I’ve chosen the issue of mental disorders in American teens, specifically depression and anxiety disorders. This topic is important to me as I myself experience these issues and I feel that I need to talk about them. Depression and Anxiety is one of the most common mental disorders in American adolescents, let alone the ⅓ of the US population that has Anxiety. When left undiagnosed and unseen, it can lead to the person losing interest in hobbies and favorite activities, grades in school can drop for extended periods of time, a lack of concentration and forgetfulness, poor decision making, a variety of negative emotions can ensue, like sadness, hopelessness, anger, and rage. The self esteem of the person can decrease greatly, and in some cases, suicidal thoughts and actions can occur. And it can be directly linked to education systems in some cases. “In its annual survey of students, the American College Health Association found a significant increase — to 62 percent in 2016 from 50 percent in 2011 — of undergraduates reporting “overwhelming anxiety” in the previous year.” (New York Times) The American Education System increases its standards of learning every few years, adding onto the workload of students to be more than those who previously took the same courses, and thus giving them more reason to be more stressed and anxious. People who suffer from Anxiety, Depression and other mental issues can be susceptible to an easy influence towards actions that can have negative consequences. Depression specifically is top cause of suicide in the United States, and suicide is the third leading cause of death among American teens, and second among College undergraduates.

There are many ways to treat these illnesses, many include therapy, whether it be in a group or one-on-one. There are also medications that can decrease the effects of the illness, but results can vary between patients for better or for worse. Given that one third of the U.S. population has depression and around 5,000 people, aged 15 to 24, commit suicide each year. These people all have family and friends who love them greatly and they take their lives anyway over something that they feel is too much. Suicide isn’t just something that affects one person, it impacts those around them as well and in some cases lead those people to depression as well. Giving someone the help they need in any form of support can be the turning point for their problem. The problem is, there is no universal solution to depression for everyone. But what I found is that talking to someone every once in a while can help your situation. The topic of conversation doesn’t even have to be centered around the problem it can be anything that you know you care about. And showing others that you have a problem is one of the first things that one should do to help themselves. Spreading awareness about the negative effects of depression and anxiety helps everyone indirectly.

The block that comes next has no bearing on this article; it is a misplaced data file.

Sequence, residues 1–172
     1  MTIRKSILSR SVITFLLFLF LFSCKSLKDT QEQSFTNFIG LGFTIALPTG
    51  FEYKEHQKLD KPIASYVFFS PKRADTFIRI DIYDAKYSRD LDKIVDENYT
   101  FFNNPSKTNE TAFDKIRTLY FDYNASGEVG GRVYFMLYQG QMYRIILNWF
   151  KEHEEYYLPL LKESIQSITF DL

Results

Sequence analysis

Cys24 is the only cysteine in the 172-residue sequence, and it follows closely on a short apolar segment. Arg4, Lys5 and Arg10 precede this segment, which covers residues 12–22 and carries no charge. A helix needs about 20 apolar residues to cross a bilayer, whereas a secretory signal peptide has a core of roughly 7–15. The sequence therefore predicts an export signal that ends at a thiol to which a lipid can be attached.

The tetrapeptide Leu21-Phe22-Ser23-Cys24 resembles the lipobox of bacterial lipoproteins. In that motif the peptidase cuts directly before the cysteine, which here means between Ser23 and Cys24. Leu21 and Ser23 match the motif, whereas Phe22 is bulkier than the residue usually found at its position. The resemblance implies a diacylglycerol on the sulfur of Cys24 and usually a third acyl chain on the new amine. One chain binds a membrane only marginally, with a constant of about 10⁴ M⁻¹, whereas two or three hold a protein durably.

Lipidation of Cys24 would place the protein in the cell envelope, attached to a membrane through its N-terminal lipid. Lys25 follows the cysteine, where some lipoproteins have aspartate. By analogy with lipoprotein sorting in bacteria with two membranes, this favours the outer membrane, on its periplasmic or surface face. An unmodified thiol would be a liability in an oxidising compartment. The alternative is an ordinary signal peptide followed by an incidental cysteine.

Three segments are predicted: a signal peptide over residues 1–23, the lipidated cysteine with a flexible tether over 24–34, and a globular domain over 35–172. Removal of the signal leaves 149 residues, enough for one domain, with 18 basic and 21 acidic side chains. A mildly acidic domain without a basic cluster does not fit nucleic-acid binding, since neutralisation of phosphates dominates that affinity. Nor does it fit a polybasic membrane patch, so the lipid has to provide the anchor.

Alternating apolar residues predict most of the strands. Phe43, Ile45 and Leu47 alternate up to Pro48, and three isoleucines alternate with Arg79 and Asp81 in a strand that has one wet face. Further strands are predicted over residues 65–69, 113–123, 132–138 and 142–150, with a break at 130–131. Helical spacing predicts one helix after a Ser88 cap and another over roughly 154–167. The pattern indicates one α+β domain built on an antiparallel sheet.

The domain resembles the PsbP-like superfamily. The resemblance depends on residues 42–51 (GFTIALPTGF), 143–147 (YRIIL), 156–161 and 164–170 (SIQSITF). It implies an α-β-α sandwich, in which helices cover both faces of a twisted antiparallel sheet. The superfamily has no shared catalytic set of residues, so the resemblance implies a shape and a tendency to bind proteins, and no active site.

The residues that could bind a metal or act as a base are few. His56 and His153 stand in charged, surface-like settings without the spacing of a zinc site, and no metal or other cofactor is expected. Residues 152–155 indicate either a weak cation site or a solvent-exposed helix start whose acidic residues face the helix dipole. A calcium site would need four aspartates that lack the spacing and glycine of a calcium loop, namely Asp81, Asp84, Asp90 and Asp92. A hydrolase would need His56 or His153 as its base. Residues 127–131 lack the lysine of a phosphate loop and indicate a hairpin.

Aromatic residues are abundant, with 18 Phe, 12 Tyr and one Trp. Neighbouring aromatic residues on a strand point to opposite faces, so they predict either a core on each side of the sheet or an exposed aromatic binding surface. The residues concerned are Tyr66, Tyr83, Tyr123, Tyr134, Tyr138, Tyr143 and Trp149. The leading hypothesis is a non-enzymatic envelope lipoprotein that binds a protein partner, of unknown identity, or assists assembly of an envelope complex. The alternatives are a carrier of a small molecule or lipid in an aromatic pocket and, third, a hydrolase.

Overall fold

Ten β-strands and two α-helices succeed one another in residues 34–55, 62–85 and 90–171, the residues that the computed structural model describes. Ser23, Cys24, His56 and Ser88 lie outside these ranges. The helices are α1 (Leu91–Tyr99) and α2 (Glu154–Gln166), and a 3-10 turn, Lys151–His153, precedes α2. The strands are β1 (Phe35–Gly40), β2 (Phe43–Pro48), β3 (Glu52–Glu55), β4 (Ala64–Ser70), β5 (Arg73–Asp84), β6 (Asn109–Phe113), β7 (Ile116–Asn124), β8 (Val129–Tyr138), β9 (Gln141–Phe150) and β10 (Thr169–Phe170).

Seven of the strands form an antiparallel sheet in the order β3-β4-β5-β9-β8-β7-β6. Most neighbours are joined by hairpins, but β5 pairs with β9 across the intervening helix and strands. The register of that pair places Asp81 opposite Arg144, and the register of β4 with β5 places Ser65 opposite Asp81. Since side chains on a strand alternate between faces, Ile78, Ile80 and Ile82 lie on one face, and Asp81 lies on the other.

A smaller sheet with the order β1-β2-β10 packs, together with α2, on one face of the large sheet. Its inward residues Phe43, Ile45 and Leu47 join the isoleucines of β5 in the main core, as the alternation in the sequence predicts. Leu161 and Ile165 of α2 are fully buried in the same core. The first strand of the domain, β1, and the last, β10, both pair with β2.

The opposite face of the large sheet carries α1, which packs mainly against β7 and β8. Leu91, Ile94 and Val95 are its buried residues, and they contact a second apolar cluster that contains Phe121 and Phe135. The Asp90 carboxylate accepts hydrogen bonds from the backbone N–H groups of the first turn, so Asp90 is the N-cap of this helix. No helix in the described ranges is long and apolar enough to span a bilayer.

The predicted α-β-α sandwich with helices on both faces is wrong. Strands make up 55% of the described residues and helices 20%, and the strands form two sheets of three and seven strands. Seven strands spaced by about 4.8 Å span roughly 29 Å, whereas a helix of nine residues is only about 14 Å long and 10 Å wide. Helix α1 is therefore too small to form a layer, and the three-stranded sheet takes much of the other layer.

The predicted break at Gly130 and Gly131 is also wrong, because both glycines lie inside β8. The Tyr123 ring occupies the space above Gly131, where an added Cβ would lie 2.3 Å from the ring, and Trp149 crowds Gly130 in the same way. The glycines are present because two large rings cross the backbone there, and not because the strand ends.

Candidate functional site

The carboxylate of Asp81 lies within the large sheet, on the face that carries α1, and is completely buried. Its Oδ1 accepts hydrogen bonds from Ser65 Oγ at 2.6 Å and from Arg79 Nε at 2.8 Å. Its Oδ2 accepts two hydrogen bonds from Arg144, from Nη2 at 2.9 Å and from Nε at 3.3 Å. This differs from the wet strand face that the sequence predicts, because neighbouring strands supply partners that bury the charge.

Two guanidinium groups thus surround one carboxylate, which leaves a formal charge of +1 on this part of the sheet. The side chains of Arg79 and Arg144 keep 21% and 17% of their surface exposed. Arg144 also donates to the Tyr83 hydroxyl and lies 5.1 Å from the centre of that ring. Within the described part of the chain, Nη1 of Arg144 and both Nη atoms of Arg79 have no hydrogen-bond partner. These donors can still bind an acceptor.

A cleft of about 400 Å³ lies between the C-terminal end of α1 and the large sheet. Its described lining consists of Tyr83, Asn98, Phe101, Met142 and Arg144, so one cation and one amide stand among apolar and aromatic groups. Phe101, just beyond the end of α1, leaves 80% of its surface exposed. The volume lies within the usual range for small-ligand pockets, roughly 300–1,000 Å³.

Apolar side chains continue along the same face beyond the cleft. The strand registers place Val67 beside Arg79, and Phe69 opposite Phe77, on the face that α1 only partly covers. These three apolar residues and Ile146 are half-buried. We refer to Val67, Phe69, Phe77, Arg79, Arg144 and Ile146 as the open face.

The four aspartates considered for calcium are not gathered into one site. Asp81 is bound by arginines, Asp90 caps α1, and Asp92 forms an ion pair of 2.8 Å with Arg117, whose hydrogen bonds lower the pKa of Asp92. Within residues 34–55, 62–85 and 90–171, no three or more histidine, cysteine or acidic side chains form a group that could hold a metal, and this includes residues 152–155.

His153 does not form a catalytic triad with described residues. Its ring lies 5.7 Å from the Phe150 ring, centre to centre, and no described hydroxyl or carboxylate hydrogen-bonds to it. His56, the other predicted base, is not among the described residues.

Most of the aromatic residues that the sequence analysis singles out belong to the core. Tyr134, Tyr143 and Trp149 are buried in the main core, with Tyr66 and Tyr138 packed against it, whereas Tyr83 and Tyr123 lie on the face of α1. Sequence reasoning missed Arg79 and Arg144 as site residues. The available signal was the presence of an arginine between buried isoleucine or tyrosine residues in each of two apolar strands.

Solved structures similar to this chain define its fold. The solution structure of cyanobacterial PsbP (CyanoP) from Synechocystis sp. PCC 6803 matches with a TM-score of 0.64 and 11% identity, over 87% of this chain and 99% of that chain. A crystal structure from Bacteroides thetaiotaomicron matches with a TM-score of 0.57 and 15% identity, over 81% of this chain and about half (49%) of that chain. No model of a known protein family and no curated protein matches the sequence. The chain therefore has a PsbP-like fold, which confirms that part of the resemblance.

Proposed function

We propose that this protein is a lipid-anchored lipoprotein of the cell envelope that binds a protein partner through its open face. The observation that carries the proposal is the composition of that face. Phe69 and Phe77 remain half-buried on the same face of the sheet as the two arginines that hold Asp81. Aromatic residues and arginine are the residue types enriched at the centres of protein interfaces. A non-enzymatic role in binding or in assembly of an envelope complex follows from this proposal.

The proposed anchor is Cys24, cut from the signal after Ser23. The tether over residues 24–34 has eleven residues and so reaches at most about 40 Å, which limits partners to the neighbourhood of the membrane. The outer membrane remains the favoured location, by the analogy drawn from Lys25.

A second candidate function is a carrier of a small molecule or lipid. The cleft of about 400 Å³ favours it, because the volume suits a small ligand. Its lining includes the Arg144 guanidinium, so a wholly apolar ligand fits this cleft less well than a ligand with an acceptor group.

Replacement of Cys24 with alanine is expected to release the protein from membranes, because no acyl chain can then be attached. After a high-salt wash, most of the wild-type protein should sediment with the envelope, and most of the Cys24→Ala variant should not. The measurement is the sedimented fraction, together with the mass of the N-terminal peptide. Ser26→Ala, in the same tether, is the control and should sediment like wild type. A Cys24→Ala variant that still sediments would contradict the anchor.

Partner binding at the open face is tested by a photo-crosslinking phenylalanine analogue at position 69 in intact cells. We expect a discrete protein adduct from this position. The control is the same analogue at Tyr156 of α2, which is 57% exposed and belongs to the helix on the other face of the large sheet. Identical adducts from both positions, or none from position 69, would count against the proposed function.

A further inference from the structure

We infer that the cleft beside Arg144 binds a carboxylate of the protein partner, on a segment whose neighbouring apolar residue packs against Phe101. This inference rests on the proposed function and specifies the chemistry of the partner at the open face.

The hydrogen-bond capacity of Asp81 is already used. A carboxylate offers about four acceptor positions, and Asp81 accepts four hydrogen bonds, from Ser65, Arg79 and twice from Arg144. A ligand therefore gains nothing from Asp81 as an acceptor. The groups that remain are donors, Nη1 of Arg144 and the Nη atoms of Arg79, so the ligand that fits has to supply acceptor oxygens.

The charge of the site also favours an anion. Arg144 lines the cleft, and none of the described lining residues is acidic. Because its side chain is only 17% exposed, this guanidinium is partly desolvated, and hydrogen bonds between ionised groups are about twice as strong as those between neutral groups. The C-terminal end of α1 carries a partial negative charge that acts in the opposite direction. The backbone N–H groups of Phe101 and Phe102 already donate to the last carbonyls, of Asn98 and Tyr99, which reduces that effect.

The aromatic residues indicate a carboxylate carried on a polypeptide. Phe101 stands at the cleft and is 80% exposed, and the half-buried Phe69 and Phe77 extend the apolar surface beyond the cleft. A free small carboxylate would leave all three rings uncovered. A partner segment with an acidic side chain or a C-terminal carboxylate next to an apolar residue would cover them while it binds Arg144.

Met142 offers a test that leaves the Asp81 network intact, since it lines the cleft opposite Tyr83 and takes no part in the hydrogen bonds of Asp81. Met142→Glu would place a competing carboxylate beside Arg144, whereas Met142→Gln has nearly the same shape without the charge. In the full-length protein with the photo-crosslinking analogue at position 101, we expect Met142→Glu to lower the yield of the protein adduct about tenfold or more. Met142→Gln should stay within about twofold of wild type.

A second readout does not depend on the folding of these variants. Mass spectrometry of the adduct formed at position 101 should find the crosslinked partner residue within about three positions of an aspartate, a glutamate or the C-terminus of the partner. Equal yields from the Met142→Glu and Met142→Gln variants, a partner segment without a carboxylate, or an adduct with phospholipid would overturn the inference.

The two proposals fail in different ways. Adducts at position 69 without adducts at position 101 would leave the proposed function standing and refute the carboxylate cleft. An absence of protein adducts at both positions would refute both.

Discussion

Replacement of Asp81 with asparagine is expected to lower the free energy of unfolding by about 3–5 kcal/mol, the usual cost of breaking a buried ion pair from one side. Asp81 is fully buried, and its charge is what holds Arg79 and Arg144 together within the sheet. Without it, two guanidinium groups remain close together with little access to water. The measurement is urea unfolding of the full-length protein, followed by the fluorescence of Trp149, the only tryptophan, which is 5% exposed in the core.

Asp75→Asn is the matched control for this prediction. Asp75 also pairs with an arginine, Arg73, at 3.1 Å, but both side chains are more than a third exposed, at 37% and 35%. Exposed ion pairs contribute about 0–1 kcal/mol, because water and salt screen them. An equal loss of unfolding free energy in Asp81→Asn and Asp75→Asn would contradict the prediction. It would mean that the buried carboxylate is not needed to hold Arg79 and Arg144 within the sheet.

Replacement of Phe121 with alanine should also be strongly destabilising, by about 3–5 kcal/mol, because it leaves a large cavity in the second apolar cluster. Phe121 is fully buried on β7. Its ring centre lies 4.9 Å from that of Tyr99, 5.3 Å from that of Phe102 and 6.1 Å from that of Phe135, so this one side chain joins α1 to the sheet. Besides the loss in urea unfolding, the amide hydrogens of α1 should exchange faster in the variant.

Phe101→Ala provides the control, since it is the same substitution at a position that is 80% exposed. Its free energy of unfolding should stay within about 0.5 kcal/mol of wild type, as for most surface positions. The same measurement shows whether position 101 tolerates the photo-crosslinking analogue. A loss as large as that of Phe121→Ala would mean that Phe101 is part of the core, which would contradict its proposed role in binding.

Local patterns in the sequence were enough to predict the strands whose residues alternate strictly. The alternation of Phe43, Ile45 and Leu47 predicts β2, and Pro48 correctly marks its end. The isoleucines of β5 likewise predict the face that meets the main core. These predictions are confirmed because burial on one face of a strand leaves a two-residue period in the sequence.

Photo by James_Seattle


CC BY-SA 4.0 Depression and Anxiety in American Teenagers by Emmett is licensed under a Creative Commons Attribution-ShareAlike 4.0 International License.

1 Comment
  1. Sante 6 months ago

    Hello Emmet,
    My name is Sante, and I am currently a senior at Judge Memorial High School. You bring up some important issues in this article that I think need to be more pervasively talked about in the world scene. In an era where we are learning more and more about the effects and causes of mental illness, it still carries the connotation of something we can control on our own and is rarely talked about. I like how you talked about the most important thing is having a discussion. Bringing awareness is almost always the first step in solving an issue, and we cannot help people if they don’t even know what they are going through. Every May is designated Mental Awareness Month. Throughout the month many organizations work to break the stigma of mental illness. Here’s a link to one such organization: https://adaa.org/raising-awareness

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